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What's the story?

It's 1943, and 12-year-old Ella and her friends Myrna and Henry are living in the Jim Crow South. Ella, the main character of HOW HIGH THE MOON, lives with her grandmother, who's taken in Myrna from her unwed mother. Ella doesn't know who her father is -- though everyone suspects he's white. Her mother, Lucy, lives in Boston, where she works in a shipbuilding factory and pursues her dream of a singing career. Ella is ecstatic to get a letter from her mother inviting her to come stay with her. But once there, she finds Helen, the roommate who cuddles up in Mama's bed when Ella wants to be there. And between work at the shipyard and performing at nightclubs, Mama is hardly ever home. She doesn't get around to enrolling Ella in school, so the girl spends long, boring days by herself in the small apartment until Lucy takes off for New York and sends Ella back to South Carolina. And no one, including her mother, will tell Ella anything more about her father than that he went to California. The same day she gets back to South Carolina, one of Ella's friends, George Stinney, is arrested and charged with murder.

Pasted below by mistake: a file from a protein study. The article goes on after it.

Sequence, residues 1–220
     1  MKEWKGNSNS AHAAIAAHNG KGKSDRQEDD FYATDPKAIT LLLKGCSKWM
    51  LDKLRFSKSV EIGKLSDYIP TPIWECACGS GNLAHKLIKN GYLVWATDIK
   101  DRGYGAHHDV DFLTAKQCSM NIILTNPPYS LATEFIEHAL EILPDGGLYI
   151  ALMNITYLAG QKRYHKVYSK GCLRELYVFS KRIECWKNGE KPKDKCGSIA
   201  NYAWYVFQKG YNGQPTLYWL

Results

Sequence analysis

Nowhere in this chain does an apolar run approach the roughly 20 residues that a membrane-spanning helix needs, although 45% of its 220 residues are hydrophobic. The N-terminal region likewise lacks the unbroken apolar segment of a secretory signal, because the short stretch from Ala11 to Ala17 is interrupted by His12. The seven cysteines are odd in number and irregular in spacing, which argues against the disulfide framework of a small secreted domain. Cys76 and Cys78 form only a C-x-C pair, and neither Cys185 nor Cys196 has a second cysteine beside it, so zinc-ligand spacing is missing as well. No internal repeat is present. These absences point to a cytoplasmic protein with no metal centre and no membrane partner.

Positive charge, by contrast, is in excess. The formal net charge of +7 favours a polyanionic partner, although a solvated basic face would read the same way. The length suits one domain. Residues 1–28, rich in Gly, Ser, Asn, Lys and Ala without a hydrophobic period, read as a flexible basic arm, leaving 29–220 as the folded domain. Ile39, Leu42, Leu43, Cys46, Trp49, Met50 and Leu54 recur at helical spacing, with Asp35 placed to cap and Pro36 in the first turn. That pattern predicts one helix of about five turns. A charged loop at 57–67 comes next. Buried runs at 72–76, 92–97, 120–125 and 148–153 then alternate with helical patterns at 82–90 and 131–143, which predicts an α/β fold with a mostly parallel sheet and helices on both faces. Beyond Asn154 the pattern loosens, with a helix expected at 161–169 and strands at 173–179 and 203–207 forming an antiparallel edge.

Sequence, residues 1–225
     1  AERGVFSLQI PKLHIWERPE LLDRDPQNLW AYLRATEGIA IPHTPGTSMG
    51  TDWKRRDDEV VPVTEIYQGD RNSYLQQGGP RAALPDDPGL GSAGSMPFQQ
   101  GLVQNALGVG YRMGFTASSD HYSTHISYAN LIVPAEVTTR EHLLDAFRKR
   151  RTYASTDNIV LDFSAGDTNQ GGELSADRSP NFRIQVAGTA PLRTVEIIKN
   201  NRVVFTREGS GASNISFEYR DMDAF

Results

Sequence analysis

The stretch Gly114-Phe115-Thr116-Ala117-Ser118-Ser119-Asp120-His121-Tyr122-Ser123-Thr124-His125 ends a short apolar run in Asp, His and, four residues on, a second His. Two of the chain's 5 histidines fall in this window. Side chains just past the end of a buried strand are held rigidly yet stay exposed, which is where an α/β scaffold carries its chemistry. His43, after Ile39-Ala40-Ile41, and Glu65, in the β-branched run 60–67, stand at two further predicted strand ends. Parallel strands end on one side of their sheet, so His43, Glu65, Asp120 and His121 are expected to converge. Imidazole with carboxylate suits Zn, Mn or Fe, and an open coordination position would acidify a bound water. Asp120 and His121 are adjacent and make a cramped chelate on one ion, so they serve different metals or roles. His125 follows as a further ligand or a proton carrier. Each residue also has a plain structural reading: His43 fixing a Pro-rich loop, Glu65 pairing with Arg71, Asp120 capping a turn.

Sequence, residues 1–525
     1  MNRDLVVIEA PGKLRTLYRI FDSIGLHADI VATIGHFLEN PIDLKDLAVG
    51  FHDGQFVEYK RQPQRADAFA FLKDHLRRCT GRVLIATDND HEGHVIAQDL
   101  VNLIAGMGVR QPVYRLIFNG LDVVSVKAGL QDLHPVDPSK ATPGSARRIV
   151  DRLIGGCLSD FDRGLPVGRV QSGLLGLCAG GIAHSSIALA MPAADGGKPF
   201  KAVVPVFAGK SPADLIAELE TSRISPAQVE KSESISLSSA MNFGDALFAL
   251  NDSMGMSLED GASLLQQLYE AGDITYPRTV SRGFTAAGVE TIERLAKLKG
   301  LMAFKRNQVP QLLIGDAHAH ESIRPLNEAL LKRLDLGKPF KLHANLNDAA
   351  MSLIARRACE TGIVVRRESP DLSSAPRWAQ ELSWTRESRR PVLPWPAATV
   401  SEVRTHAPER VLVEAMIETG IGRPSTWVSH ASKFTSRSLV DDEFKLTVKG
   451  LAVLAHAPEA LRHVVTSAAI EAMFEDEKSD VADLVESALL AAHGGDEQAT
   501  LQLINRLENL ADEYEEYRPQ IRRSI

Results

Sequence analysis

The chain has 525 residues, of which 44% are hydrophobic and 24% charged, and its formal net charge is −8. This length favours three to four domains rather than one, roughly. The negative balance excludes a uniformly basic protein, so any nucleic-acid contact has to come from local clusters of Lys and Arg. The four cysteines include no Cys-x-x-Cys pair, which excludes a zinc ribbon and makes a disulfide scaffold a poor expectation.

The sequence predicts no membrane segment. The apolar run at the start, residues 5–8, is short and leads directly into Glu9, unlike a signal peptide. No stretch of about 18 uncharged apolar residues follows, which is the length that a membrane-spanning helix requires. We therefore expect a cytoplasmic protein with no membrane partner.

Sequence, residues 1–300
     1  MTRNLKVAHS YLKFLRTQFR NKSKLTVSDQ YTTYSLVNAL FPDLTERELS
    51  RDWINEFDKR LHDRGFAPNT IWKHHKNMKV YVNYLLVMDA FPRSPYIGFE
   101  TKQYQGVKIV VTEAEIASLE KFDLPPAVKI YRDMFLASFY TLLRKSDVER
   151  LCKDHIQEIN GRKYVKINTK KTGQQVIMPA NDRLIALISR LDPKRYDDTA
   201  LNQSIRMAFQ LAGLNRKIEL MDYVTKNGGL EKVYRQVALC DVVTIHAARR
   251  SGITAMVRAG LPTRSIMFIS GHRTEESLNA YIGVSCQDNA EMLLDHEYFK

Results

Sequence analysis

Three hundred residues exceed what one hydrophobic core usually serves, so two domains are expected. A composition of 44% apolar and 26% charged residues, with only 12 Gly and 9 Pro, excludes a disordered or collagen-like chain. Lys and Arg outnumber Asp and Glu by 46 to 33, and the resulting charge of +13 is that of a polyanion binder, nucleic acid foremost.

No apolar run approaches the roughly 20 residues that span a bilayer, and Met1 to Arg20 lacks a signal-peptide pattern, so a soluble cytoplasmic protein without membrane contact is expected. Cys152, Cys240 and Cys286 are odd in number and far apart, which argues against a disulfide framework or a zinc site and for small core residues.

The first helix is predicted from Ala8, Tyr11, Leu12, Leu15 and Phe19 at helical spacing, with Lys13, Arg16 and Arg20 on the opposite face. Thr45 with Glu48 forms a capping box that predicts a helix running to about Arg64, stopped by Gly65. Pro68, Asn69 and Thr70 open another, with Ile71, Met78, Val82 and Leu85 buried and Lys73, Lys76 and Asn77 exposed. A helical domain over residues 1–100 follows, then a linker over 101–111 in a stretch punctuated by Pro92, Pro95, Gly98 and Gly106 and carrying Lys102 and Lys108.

Is it any good?

This heartfelt tale about childhood in the Jim Crow South brings us a girl who finds a sense of family despite an absent mother, a mystery father, and a cruel society. How High the Moon, the debut novel from Karyn Parsons, grew out of a conversation the author had with her mother. Parsons wondered how her mother could claim she had a happy childhood when she grew up in the South under Jim Crow. The subplot about the boy who's wrongfully executed comes from a real legal case. The strength of the novel is the character of Ella: Her close relationship with her grandmother, longing to be with her mother, and desperation to know who her father is all ring true.